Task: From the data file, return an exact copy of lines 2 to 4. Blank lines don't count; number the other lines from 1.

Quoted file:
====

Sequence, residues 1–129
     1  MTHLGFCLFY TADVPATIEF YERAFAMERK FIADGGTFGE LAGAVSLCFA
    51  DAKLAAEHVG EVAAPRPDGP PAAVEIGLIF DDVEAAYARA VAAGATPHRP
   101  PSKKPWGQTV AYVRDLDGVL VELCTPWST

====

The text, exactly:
     1  MTHLGFCLFY TADVPATIEF YERAFAMERK FIADGGTFGE LAGAVSLCFA
    51  DAKLAAEHVG EVAAPRPDGP PAAVEIGLIF DDVEAAYARA VAAGATPHRP
   101  PSKKPWGQTV AYVRDLDGVL VELCTPWST